The Western Pond Turtle
Western Pond Turtles are common in our area even though they are listed under the endangered category as vulnerable. This turtle is found only along the Western coast of the United States and Mexico.
Tri County Wildlife Care gets these turtles in during the early Spring when they are on the move as waters warm. TCWC is happy to see that kind people stop to get them across the road and take them in for care when they are injured.
These water turtles can spend as many as 200 consecutive days out of water as ponds and creeks dry up and they often overwinter on dry land. Food sources include insects, crayfish, invertebrates and water plants. Tri County Wildlife Care also receives Box Turtles and Red Eared Slider Turtles. These are domestic turtles that should never be released into the wild because they compete for resources with our native turtles and introduce disease for which the pond turtle has no resistance. TCWC places these turtles into pet homes.
The greatest threats to the Western Pond turtles are loss of habitat and predation of hatchlings. These turtles have disappeared in many coastal areas and in some areas only adults are found because hatchlings are not surviving.
Western Pond Turtle females will sometimes travel long distances, as much as 1/2 mile, from a water source, to lay their eggs. Turtles grow slowly in the wild and Western Pond Turtles can survive as long as 50 years. The pictured turtle was taken in when the person finding him discovered that he was missing his front feet. This is a male turtle as shown by his yellow neck.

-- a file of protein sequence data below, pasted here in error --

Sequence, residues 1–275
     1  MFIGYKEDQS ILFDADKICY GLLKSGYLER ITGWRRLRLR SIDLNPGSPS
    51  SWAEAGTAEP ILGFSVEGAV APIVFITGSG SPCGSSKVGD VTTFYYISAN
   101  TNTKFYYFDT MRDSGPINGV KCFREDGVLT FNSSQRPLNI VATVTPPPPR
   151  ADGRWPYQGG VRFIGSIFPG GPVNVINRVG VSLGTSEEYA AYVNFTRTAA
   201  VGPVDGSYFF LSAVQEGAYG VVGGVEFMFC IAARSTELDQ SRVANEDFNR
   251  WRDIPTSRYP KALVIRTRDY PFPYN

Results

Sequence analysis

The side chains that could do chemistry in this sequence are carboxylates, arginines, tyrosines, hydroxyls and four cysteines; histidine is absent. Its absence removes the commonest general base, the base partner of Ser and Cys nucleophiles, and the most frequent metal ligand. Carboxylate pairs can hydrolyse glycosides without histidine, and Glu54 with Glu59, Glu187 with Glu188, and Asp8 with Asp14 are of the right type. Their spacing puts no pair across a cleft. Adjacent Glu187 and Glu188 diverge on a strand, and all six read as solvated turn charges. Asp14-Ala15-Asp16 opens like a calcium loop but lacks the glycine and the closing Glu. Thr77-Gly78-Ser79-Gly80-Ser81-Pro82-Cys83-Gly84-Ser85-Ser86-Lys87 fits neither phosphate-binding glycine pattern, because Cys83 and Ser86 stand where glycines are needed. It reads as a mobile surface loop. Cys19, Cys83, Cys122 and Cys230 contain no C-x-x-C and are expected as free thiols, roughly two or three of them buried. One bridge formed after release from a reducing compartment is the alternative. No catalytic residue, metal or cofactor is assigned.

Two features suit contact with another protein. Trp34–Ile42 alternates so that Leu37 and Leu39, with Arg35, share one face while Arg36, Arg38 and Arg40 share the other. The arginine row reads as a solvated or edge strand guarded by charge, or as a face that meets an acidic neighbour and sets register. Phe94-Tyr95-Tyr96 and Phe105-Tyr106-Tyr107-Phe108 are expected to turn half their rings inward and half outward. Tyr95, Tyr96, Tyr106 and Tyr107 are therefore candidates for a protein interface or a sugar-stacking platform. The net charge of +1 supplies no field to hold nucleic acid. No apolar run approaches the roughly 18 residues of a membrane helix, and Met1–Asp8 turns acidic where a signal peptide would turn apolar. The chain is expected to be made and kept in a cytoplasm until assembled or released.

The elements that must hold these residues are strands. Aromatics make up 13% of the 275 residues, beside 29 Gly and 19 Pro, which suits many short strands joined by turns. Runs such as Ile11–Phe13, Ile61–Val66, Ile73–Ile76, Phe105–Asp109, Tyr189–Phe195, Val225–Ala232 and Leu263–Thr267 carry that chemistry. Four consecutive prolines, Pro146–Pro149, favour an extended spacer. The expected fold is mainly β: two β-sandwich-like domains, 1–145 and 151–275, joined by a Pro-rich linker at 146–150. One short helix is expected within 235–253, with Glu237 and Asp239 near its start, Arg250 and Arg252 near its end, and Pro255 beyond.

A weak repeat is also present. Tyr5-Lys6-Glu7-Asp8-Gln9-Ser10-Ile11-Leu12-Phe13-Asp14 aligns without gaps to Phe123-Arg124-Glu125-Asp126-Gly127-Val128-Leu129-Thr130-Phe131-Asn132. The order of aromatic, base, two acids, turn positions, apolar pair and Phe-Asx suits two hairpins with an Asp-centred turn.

Upon examination it was clear that this turtle had healed and was heavy and healthy despite his old injury. Tri County Wildlife Care volunteers were happy to take this turtle back out to release him into the closest body of water and watch him swim away.
For more information about Tri County Wildlife Care, visit www.pawspartners.org.
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PawsPartners.org is an alliance formed between A-PAL Humane Society of Amador County and Tri County Wildlife Care, the latter serving native wildlife in Amador, Calaveras, and Eastern San Joaquin Counties. Since inception we have added the Shelter Partners volunteer group, who support our local Animal Control organization, and Amador County Animal Response Team (ACART).